What the Buck? Giannis, Bud on verge of another self-inflicted playoff collapse

What the Buck? Giannis, Bud on verge of another self-inflicted playoff collapse

The Milwaukee Bucks tricked y’all, man. 

They had you believing in them as legitimate title contenders. Giannis Antetokounmpo had you thinking that he was ready to be the first option and "the guy” on a championship team. Head coach Mike Budenholzer convinced some of you that he would make the proper adjustments to put this team in a position to win their pivotal series against the Brooklyn Nets.

Instead, the Bucks are on the brink of elimination and it’s been mostly by their own doing. Kevin Durant turning in an otherworldly performance in Game 5 doesn’t negate the fact that the Bucks had a chance to win the series, and ended up blowing it because they refuse to get out of their own way.

Here are a few reasons why the Bucks are squandering this series, and ultimately, their best chance to win a title in the foreseeable future. 

Bud’s Stubbornness and Ineptitude

You might think that a two-time NBA Coach Of The Year like Budenholzer would have the ability to adapt and make adjustments to his game plans, and you would be right. Budenholzer does have the ability to make adjustments, just like every coach in the league does. The problem is that he doesn’t want to adapt and adjust.

In Game 5, Budenholzer presented a masterclass in coaching malpractice. Instead of double-teaming Durant with their best defenders in Jrue Holiday and Giannis Antetokounmpo, Budenholzer deployed Khris Middleton and PJ Tucker.

Notice the first two Nets possessions in this video.  At the four-second mark, the Bucks are in man-to-man coverage. Tucker can’t fight over the Joe Harris screen, and Durant gets a switch to go against Middleton. Durant crosses Middleton up, and before Giannis and Brook Lopez could get in a position to contest, Durant scores.

Instead of utilizing drop coverage in the first possession, Budenholzer should have made Giannis the help defender for Middleton and trapped Durant while Holiday could play the passing lanes with Lopez rotating to the corner.

At the 17-second mark in the clip, Tucker is defending Durant, while Lopez appears to be in drop coverage. Durant swipes to the right and pulls up for a mid-range jumper over Tucker.

In this example, it should have been a Middleton/Tucker trap while Giannis could roam the passing lane while looking for an easy steal and opportunity to score in transition.

This was a recurring theme in the game, and it was the way the Nets battled back despite the rest of the team not shooting well and James Harden being severely compromised: Man-to-man "defense" and ineffective drop coverages.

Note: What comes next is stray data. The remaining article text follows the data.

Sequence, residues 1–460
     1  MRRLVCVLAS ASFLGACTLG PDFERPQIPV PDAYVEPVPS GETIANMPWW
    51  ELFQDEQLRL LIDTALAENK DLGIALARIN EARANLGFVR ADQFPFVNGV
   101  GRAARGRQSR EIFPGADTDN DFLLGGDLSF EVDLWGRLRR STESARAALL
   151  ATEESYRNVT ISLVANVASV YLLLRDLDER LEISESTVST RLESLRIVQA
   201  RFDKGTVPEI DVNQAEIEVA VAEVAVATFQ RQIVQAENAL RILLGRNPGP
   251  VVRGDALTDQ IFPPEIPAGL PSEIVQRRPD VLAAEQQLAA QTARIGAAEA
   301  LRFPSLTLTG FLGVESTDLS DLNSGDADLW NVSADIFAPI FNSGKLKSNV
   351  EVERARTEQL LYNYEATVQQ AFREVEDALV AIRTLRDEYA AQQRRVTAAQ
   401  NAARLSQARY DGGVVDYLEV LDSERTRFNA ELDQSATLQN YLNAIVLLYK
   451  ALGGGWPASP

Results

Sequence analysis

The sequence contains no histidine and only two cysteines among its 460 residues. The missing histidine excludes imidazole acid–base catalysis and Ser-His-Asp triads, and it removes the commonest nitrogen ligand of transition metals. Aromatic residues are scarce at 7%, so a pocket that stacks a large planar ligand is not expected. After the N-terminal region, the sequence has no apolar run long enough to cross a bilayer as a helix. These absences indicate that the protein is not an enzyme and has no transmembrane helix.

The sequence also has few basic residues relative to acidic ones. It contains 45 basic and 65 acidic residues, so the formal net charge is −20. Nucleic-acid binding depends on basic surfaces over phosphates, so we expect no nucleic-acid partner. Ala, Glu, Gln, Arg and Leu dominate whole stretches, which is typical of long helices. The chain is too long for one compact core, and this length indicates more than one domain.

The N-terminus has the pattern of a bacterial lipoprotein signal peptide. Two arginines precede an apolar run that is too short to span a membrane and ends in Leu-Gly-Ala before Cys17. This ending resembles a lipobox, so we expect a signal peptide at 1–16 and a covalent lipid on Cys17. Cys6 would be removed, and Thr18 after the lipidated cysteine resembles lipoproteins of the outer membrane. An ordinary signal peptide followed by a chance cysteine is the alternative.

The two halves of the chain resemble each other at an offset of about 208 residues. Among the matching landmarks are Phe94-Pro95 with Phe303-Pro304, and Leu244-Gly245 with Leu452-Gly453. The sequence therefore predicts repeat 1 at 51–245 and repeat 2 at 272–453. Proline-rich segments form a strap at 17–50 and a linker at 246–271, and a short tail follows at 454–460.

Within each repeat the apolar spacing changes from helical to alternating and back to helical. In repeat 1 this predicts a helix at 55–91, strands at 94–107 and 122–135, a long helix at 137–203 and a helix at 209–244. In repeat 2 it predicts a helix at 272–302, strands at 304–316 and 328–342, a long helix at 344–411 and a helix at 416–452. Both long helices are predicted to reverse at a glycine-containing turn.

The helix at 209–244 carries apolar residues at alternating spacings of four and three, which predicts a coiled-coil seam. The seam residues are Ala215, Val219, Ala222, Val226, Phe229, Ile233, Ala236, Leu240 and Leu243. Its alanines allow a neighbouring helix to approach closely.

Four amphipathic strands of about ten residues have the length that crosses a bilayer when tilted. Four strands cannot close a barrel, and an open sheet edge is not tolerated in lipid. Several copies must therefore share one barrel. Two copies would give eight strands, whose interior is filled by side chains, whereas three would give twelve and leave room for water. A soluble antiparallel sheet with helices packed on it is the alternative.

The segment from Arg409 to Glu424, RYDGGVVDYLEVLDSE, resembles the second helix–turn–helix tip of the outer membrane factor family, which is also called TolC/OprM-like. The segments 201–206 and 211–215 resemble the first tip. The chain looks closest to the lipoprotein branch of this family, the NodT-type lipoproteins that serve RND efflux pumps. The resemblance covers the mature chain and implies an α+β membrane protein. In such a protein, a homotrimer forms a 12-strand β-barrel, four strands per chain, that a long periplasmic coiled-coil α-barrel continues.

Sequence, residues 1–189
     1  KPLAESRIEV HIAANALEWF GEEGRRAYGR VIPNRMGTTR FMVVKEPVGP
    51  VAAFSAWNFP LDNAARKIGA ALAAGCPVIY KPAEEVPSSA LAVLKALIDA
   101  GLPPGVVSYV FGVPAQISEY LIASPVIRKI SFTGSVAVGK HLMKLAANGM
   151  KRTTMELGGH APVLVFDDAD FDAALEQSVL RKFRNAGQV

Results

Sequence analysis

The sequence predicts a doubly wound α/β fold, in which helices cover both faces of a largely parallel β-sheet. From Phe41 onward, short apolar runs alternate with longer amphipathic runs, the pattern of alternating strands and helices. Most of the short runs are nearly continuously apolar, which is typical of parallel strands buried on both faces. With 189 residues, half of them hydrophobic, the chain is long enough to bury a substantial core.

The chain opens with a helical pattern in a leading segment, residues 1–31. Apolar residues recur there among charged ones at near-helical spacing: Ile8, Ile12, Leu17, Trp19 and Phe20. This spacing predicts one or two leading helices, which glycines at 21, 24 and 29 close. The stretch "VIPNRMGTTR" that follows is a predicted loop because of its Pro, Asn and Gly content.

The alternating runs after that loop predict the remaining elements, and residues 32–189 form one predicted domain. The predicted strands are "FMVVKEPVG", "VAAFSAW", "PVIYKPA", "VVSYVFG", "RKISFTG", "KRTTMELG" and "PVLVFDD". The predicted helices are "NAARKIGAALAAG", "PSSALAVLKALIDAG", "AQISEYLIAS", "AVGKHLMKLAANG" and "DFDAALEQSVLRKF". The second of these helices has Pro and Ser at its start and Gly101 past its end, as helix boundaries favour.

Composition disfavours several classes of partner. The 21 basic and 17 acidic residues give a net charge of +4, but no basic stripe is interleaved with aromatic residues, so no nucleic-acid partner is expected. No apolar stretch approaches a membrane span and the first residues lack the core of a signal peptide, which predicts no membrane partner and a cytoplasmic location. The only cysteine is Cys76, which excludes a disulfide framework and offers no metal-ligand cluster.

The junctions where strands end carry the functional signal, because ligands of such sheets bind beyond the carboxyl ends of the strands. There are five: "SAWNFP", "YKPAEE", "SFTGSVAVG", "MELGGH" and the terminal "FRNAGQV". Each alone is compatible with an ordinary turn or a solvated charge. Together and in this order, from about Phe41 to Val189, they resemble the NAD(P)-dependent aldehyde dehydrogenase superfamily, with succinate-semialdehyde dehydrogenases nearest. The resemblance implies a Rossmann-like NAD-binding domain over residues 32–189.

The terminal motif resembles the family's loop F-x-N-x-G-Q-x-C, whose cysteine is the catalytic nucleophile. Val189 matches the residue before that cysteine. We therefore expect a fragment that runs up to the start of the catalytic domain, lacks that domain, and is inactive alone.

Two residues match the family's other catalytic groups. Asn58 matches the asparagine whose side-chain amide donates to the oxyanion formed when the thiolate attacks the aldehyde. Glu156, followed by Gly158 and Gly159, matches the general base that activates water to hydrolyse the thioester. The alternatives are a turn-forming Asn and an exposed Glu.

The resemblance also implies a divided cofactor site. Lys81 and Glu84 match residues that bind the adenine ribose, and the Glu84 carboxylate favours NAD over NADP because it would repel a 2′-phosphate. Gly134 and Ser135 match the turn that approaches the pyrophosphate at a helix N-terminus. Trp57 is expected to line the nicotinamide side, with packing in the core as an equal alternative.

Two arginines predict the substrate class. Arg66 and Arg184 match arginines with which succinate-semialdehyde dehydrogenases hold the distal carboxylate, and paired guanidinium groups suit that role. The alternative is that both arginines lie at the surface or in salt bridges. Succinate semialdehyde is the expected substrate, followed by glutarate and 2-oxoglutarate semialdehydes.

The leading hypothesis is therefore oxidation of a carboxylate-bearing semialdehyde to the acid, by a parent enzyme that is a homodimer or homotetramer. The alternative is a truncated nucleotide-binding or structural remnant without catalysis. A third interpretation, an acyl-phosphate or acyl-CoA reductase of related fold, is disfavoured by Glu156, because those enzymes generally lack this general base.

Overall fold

Sometimes you don’t guard a player, you guard their habits and tendencies. In Durant’s case, it’s either an isolation or a pick-and-roll situation. Tucker, Middleton and even Giannis individually had no chance against Durant. However, why not deploy traps? Why not switch up the coverage from man to zone? Budenholzer has a penchant for being stubborn and doing things the hard way. Those two Coach Of The Year awards gave him that leeway, but after this series, that leeway might not be there anymore. 

Lack of Ball Movement and Suspect Shot Selection

Another thing that cost the Bucks in Game 5 -- and possibly the series -- is the abandonment of ball movement. In the second half in Brooklyn on Tuesday night, the Bucks stopped moving the ball and became caught up in iso situations that led to turnovers. The Bucks had 12 assists on 28 baskets after a Holiday assist to Lopez, a three that pushed Milwaukee to a 17-point lead with 7:09 left in the third quarter. When Brooklyn seized a 99-98 lead with a little over five minutes remaining in the game, the Bucks had just three assists, finishing the game with 18 total on 41 field goals.

If the Bucks’ offense would have been more patient to get the best shot possible instead of settling for stepbacks and air-balling them (Holiday), or settling for a fadeaway 12-footer on the block over Harden rather than driving to the lane for a score or free throws (Giannis), they probably could have won Game 5 and gained momentum for possible close-out Game 6. Now, they are down 3-2 and looking at another second-round exit in the postseason.

A Big Freaking Problem for Giannis

There is no doubt that Giannis Antetokounmpo is great. He’s won two NBA MVPs for a reason. However, there are legitimate questions about his readiness to become the unquestioned and undisputed number one option on a title team. Despite having a solid series statistically, Giannis’ weaknesses, and his own inability to change, have been exposed.

Despite shooting a lowly 24% from deep, Giannis continues to force the issue. He still doesn’t have a consistent reliable jumper to justify that. He also doesn’t have post moves to diversify his skills offensively.

Giannis may be classified as a "wing" in the vein of a Durant, for example, but it’s time for him to embrace the possibility of being a 5-man. If Budenholzer would move Giannis to the 5, it's conceivable that the Bucks would be in a better position to win the series. If Giannis is willing to lean into being a big, he should call up Hakeem Olajuwon and work with him during the offseason to help the Greek Freak develop his footwork and touch in the paint.

Imagine Giannis with post moves like this!

Enough said.

The Milwaukee Bucks have been a team that’s been "almost there" for years. The inability to change has been the culprit of their inability to get over the hump. In prior seasons, Giannis avoided the harsh beams of the light of scrutiny, and Budenholzer had avoided the unemployment line.

After this series, niether of them may be so lucky.

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